Local artists are now busy putting the finishing touches on decorations on each of the buffalo. “The sight of 25 buffalo on display along our palm tree-lined, waterfront streets is an attraction visitors will not want to miss,” said Gwen Bronson, spokeswoman for the chamber.

Developing Star

So much for the image of the starving, out-of-work actor.

Among the established thespians and struggling extras appearing in “T3: Rise of the Machines” will be L.A. real estate developer Jerry Katell, whose company has developed Chesterfield Square, as well as about 5 million square feet of office and industrial space. He’ll have a two-line part in the movie, which is scheduled for release next year.

“My part is a ‘CRS executive,'” said Katell, who began taking acting classes about two years ago. “I have no idea what that means.”

Katell met Arnold Schwarzenegger last year both are involved in creating after-school educational enrichment programs and parlayed the introduction into an audition.

The role is not Katell’s first, however. He appeared last year as a postman in “The Retrievers,” a movie produced for Animal Planet.

“I had two words: ‘Special delivery,'” said Katell. “But a good close-up.”

The Roving Eye

Pajama Party

Leave it to the French to break new ground on the local fashion scene.

Le Meridien at Beverly Hills, the French-themed hotel near the Beverly Center, is making a splash with a special pajama bottom it created as a gift to entice VIPs following last year’s $15 million renovation.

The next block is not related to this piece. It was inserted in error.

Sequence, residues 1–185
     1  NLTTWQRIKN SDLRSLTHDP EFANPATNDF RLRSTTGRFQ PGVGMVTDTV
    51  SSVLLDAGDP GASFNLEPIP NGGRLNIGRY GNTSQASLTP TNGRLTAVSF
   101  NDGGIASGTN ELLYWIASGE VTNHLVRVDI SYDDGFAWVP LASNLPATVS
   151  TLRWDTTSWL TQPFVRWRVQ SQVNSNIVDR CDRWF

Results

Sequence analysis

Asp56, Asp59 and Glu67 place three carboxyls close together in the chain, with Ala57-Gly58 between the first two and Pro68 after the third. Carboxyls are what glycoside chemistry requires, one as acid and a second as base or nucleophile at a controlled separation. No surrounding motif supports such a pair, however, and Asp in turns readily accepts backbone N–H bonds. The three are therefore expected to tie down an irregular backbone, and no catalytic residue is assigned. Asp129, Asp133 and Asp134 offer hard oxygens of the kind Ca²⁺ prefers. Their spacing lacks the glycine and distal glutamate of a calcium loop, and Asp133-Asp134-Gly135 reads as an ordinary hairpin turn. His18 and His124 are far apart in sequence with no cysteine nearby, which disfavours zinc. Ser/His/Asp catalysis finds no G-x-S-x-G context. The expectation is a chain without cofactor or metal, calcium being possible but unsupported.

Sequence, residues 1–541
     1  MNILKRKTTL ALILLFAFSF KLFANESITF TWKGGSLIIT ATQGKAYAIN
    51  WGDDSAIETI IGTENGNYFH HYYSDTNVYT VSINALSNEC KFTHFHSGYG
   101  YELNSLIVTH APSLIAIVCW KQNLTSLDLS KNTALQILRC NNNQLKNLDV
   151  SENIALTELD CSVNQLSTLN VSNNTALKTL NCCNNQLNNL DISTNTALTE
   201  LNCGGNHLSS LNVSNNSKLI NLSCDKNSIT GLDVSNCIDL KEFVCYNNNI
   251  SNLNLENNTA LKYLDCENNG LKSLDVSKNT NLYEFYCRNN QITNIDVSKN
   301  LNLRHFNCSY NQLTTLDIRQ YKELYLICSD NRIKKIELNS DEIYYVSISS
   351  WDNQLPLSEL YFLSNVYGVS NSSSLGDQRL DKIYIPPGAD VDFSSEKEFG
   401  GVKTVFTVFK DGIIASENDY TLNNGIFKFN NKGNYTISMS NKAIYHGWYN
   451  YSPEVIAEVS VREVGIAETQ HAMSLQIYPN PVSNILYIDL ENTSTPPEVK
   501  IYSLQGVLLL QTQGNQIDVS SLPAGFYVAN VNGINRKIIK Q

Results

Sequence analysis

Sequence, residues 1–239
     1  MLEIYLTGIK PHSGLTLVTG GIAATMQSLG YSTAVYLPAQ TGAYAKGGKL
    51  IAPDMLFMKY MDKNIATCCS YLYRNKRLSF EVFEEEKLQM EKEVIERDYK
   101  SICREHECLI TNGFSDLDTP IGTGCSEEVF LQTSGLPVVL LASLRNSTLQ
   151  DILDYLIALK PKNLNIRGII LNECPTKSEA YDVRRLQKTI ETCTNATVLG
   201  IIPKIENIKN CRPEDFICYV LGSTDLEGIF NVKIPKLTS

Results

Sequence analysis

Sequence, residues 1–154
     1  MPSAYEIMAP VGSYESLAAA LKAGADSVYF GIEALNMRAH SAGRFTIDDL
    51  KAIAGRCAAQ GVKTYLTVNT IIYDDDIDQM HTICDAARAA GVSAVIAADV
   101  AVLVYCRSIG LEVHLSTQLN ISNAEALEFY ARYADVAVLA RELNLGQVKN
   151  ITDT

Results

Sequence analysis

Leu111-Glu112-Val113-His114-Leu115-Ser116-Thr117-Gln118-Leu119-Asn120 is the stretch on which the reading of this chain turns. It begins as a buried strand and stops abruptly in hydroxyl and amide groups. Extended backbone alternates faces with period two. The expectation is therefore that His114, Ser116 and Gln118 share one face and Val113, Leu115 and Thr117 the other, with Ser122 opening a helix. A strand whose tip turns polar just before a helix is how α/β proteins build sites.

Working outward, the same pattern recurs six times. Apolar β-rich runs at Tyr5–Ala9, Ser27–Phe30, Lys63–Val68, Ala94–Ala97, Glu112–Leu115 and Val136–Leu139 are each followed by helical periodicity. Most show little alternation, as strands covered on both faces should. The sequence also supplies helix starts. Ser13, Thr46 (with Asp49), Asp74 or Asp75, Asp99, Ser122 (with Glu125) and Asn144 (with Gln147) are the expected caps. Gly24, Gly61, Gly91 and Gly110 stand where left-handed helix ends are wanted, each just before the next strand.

Le Pajamas, described as “unisex lounging pants,” are cotton and rayon bottoms with three pockets down one side for le phone, le pager and le Palm Pilot. So guests won’t get confused, embroidery spells out which pocket is for which technical accouterment.

The pajamas proved so popular that Le Meridien began selling them in its gift shop. So far, the hotel has sold 3,000 Le Pajamas, and General Manager Jacques Ligne said he just ordered 1,000 more.

“Many of our guests are entertainment people and they are high-tech oriented, they have their phones and their Palm Pilots,” Ligne said. “If they go to the pool, they have to carry those items with them in their bathing suit or robe and it is difficult.”

The inspiration for Le Pajamas which come in black and white and sell for $39.95 involved a concierge who found herself helping a clumsy guest as he fumbled with his electronic gadgets poolside.

Word of Le Pajamas has spread East, garnering mentions in the Fashion & Style section of The New York Times and on CNN. Earlier this month, the promotion earned Le Meridien an award at the California Conference on Tourism.

Public Relations consultant Arlene Winnick, who helped come up with the idea for Le Pajamas, said the hotel staff has been pleasantly surprised by the buzz.

“I actually saw someone wearing them on the beach in Malibu,” Winnick said. “It’s so L.A. I mean you can’t really walk around in pajamas in New York.”

Darrell Satzman